Client Handler


Introduction

To support modularity and still allow for fault tolerance in the framework, we have split the design of the communication layer into two sublayers. The first of them is the set of required functionalities that are required for fault-tolerant behavior of the framework for communication purposes. We call this sublayer meta-protocol (which is an abstract sublayer, described as an interface called ServerSideProtocolInterface in the framework). The second sublayer, the protocol is any construct that supplies these minimum required functionalities.

The minimum required functionalities for the meta-protocol (on the client side) are:

  1. Provide the means to retrieve a job from a connected client;
  2. Provide the means to return a reply to a client;
  3. Provide the ability to start the server; and
  4. Provide the ability to stop the server.

Any class that implements these functionalities is a proper server side communication protocol. Note that there is an analogous set of requirements on the server side as well. This was be covered in the server handler tutorial.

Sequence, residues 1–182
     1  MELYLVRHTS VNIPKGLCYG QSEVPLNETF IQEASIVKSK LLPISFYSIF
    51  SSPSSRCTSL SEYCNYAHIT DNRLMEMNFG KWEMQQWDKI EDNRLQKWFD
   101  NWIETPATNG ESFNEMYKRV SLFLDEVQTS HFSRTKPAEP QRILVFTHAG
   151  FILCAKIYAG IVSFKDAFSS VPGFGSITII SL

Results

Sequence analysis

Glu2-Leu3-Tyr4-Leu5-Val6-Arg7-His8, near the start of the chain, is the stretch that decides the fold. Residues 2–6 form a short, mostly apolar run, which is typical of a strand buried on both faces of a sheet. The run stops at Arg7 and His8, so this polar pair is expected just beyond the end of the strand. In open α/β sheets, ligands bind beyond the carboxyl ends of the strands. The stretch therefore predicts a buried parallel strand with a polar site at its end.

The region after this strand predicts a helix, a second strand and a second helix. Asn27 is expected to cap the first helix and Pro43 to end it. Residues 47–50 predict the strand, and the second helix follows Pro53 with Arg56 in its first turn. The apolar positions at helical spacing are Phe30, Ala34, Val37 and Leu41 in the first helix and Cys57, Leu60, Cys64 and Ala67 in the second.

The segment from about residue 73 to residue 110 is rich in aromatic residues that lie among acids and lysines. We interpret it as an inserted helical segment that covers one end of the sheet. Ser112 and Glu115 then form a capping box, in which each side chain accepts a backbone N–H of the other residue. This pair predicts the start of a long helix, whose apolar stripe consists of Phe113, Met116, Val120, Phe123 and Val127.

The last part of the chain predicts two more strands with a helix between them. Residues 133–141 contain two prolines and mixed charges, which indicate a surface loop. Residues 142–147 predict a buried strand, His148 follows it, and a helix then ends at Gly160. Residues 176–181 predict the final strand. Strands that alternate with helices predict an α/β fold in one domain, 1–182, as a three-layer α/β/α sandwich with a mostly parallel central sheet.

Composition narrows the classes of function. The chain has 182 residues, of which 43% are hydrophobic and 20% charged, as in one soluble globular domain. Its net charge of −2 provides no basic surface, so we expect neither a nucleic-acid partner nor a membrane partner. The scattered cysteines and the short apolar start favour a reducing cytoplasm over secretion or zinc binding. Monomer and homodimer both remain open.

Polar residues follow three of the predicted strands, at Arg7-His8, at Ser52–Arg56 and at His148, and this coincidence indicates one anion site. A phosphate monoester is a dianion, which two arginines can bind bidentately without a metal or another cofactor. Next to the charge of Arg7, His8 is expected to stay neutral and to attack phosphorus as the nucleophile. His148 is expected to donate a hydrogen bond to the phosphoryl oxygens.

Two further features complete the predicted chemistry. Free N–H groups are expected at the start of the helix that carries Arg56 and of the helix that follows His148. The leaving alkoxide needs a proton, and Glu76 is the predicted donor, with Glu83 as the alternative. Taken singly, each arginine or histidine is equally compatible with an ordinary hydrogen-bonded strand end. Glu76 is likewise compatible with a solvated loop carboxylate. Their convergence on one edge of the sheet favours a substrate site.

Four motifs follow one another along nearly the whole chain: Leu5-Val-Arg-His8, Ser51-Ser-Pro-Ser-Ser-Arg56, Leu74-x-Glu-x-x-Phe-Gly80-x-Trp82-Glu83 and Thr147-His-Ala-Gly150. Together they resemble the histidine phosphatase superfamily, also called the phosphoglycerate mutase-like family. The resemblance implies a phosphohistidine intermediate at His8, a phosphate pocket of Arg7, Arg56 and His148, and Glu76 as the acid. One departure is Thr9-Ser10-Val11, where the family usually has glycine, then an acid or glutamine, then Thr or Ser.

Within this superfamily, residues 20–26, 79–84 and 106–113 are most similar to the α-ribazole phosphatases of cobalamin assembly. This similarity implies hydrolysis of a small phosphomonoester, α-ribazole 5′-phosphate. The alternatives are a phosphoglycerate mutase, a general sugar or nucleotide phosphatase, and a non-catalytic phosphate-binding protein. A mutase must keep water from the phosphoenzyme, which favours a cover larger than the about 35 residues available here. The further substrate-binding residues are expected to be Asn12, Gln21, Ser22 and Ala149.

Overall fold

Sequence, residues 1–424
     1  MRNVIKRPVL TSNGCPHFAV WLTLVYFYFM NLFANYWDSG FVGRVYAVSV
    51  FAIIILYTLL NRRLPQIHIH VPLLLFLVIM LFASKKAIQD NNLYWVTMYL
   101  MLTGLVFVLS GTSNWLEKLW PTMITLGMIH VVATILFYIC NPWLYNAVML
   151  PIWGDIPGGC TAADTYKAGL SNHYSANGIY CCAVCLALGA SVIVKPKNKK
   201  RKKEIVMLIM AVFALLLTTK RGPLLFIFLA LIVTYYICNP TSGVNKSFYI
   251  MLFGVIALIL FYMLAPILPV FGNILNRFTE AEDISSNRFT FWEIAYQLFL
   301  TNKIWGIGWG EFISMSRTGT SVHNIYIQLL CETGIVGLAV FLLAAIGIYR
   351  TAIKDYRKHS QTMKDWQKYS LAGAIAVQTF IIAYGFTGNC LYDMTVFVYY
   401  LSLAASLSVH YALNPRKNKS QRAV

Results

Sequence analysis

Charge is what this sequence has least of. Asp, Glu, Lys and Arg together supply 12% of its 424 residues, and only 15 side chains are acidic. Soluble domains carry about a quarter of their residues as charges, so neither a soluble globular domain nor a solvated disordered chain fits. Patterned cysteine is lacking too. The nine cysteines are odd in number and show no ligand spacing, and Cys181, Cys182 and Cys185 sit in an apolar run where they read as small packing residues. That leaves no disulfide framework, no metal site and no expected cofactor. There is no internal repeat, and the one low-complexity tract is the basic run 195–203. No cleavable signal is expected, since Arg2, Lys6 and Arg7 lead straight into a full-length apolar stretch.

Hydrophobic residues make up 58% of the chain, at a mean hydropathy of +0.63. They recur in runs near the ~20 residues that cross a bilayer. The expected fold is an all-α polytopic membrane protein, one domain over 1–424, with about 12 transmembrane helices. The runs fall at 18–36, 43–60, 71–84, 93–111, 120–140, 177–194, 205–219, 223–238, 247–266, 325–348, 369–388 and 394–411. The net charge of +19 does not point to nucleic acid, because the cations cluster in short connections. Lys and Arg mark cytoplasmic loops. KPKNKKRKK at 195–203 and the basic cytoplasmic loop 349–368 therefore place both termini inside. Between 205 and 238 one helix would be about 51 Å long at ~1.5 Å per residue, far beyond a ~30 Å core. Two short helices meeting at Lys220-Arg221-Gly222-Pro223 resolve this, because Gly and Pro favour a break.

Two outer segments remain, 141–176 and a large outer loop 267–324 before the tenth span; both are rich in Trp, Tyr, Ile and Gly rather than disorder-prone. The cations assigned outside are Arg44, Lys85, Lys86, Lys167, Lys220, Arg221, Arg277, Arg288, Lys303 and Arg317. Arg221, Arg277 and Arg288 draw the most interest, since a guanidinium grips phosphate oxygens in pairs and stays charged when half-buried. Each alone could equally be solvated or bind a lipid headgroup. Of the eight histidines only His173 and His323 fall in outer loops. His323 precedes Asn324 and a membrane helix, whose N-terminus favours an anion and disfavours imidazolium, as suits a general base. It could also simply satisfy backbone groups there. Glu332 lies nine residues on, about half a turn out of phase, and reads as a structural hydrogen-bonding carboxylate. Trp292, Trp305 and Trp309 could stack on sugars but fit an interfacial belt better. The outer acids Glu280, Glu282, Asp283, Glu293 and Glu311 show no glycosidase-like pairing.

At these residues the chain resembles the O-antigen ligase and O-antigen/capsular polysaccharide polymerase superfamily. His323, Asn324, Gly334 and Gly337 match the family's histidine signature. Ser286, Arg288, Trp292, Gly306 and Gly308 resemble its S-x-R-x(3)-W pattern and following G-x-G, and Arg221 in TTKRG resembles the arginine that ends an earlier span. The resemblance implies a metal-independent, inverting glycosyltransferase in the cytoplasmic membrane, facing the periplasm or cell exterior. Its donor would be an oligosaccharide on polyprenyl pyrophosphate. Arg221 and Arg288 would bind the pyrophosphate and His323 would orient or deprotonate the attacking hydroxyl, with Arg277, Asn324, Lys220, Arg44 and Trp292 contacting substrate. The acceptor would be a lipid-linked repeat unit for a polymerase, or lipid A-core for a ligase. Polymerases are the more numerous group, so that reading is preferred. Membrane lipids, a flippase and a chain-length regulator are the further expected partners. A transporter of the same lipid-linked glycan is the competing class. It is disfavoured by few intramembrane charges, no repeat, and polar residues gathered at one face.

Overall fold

What is a client handler?

The client handler sits on server side and handles the communication between server and clients. It acts more like a switchboard operator, since the only work a client handler needs to do is to call protocol object to retrieve jobs, hand them to corresponding job handler, wait the server reply after jobs are handled, and call a protocol object to send the server replies back to clients. 

How to use the client handler?

The client handler needs to be initialized with a server side protocol object. During its initialization, it will also create a job handler so that job listeners (both responding and non-responding) can be registered with, or removed from. After its initialization, we call start() on the client handler object to start its work as described in the introduction paragraph.